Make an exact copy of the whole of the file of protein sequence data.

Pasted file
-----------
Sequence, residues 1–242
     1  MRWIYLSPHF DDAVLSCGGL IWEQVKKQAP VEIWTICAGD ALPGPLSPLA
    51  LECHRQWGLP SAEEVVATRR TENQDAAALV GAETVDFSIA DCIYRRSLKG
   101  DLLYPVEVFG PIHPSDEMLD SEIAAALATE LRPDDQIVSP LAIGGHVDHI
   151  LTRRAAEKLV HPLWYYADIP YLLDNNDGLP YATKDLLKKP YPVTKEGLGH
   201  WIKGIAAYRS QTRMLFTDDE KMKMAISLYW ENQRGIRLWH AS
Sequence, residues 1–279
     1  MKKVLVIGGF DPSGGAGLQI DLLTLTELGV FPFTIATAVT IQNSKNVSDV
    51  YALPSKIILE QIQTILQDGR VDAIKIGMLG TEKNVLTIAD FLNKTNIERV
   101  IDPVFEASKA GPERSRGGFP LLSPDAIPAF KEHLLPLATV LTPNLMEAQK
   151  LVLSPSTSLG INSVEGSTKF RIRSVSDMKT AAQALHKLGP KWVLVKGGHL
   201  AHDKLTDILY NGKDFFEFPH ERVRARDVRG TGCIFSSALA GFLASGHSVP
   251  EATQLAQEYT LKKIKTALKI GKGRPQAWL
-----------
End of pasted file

Sequence, residues 1–242
     1  MRWIYLSPHF DDAVLSCGGL IWEQVKKQAP VEIWTICAGD ALPGPLSPLA
    51  LECHRQWGLP SAEEVVATRR TENQDAAALV GAETVDFSIA DCIYRRSLKG
   101  DLLYPVEVFG PIHPSDEMLD SEIAAALATE LRPDDQIVSP LAIGGHVDHI
   151  LTRRAAEKLV HPLWYYADIP YLLDNNDGLP YATKDLLKKP YPVTKEGLGH
   201  WIKGIAAYRS QTRMLFTDDE KMKMAISLYW ENQRGIRLWH AS
Sequence, residues 1–279
     1  MKKVLVIGGF DPSGGAGLQI DLLTLTELGV FPFTIATAVT IQNSKNVSDV
    51  YALPSKIILE QIQTILQDGR VDAIKIGMLG TEKNVLTIAD FLNKTNIERV
   101  IDPVFEASKA GPERSRGGFP LLSPDAIPAF KEHLLPLATV LTPNLMEAQK
   151  LVLSPSTSLG INSVEGSTKF RIRSVSDMKT AAQALHKLGP KWVLVKGGHL
   201  AHDKLTDILY NGKDFFEFPH ERVRARDVRG TGCIFSSALA GFLASGHSVP
   251  EATQLAQEYT LKKIKTALKI GKGRPQAWL